Teachers’ professional development, especially towards enabling teachers to be more skilled at facilitating dialogic and collaborative learning in classrooms of rich diversity;
Innovative approaches and practices of inclusive and caring education, notably in engaging girls, and other vulnerable students;
Safe, caring and inclusive learning spaces, including through digital platforms.
The G20i Education Task Force is now inviting high-level experts in the fields of education, faith and policy for an online consultation with the aim to review thematic proposals and make policy recommendations.
We welcome faith-inspired educational projects and programmes that have a focus on inclusion and diversity to continue to share their practice HERE.
In 2019/20, our researchers have been working on a project that explores diverse perspectives on the notion of love, with a view to develop a truly captivating and galvanising conception of Love that can invite a fundamental shift in human consciousness. Hence the project’s title: ‘A Narrative of Love’.
Hosted by IofCI’s Trustbuilding Program in partnership with the GHFP Research Institute, this international seminar offers a unique opportunity to meet, share and discuss the process of building trust.
At a time of increasing fragmentation, trust is diminishing around the world. Communities face racial, ethnic and religious divides, intergenerational conflict, and the rise of extremist attitudes, as well as social divisions and the legacy of war. The Seminar poses a critical question: “How can we address these challenges?”
Among the discussants will be Letlapa Mphahlele, commander of the Azanian People’s Liberation Army during apartheid times. His anger was such that he ordered retaliatory massacres of white civilians. After a radical transformation he now sees the whole of humanity as ‘my people’. Letlapa, who, until 2013, was President of the Pan Africanist Congress and a Member of the South African Parliament, is a protagonist in the award-winning film, Beyond Forgiving, which depicts a profound story of tragedy, forgiveness and hope.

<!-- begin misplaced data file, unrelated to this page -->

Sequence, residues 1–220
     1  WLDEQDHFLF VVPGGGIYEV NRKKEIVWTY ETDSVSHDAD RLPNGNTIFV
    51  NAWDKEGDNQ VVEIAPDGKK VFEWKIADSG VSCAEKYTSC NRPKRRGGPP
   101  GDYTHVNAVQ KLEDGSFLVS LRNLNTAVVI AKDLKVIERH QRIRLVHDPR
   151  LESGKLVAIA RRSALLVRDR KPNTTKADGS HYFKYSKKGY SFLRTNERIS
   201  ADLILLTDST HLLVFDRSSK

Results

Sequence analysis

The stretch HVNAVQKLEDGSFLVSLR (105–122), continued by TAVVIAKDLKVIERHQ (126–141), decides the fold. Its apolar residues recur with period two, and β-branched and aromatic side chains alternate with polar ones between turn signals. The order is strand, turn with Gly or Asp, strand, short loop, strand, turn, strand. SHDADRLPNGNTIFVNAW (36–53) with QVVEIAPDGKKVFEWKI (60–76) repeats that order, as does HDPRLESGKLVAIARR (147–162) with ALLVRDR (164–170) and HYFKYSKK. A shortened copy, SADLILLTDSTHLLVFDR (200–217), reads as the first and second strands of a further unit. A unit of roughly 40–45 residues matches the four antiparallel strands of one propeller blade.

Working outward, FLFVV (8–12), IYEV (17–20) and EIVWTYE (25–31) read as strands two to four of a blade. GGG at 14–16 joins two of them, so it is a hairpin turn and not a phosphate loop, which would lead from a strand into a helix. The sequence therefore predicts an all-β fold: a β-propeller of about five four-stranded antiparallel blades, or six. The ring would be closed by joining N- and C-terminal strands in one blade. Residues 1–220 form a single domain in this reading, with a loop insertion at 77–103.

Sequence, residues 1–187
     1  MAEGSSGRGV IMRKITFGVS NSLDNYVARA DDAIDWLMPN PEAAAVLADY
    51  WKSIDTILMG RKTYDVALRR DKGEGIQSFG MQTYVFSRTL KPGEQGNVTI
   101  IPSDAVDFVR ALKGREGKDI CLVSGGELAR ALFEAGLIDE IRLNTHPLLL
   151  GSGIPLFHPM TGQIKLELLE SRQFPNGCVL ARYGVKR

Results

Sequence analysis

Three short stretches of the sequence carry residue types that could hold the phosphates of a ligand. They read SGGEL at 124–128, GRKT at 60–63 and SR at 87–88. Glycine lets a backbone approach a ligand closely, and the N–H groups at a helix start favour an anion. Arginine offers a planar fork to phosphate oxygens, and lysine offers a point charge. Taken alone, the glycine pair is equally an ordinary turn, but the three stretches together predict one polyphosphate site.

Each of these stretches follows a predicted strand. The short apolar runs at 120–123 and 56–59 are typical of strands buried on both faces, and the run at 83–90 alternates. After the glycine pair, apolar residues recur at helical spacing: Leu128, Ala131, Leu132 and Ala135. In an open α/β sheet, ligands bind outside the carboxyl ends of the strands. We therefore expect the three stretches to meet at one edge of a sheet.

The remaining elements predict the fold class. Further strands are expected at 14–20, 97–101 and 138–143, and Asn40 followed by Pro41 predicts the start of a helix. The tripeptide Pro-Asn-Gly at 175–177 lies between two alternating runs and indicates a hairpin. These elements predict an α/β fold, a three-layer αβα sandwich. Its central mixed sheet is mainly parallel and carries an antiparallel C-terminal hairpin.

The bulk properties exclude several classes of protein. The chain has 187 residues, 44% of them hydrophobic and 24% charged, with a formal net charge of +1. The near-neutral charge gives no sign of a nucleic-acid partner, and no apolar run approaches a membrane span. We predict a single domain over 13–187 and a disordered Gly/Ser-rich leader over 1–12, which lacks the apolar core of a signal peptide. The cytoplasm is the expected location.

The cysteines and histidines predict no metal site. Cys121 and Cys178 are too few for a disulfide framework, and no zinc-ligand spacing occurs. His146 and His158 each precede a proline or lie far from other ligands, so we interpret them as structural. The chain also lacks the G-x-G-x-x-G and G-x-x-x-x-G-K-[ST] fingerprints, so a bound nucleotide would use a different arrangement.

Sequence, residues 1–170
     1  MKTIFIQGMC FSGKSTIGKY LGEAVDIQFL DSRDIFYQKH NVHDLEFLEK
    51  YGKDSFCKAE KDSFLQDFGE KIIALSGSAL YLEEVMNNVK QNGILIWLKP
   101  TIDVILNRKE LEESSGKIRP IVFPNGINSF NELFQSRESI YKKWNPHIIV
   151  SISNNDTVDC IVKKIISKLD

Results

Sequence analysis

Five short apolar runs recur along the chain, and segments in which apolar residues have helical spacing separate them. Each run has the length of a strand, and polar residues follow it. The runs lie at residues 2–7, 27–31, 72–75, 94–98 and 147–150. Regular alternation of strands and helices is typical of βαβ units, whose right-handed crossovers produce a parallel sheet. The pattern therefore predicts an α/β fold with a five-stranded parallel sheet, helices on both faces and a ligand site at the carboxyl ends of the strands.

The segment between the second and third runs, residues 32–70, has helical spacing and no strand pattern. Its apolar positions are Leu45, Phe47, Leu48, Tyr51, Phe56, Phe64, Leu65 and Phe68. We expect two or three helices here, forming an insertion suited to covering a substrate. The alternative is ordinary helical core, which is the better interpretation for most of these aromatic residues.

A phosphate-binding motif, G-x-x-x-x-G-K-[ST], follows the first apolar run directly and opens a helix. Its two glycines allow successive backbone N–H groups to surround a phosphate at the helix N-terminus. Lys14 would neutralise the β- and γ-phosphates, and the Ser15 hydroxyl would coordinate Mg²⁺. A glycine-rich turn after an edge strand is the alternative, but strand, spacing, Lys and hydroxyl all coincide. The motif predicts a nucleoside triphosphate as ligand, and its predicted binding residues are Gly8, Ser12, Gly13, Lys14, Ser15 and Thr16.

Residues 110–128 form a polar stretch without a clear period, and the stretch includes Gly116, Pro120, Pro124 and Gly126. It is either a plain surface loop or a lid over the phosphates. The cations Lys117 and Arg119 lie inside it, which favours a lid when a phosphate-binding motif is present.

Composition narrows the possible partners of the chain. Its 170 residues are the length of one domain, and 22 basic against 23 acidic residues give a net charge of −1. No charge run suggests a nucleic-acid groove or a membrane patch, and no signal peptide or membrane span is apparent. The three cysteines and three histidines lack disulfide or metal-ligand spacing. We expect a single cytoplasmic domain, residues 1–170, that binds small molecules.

This is by invitation-only event. For further information and interest to contribute, please contact email@example.com.
Collective and community initiatives can empower those suffering from the wounds of a violent past to collaborate towards mutual healing, thus creating new possibilities for peace.
To better understand the significance of these community-rooted collective healing endeavours, the GHFP and the UNESCO Slave Route Project hosted a one-day International Symposium, at the Royal Society for the Arts in London.
The event brought together practitioners and scholars who have experiences and expertise in the field of communal and collective healing of mass traumas, for an intimate dialogue focused around three core questions:
What are the typical psychological and social symptoms encountered in communities resulting from the experience and legacies of past atrocities?
What might constitute collective healing in these situations?
How do community-based processes and practices contribute to collective healing? (And how would the community evaluate collective healing? What are the relevant indicators that some healing has taken place?)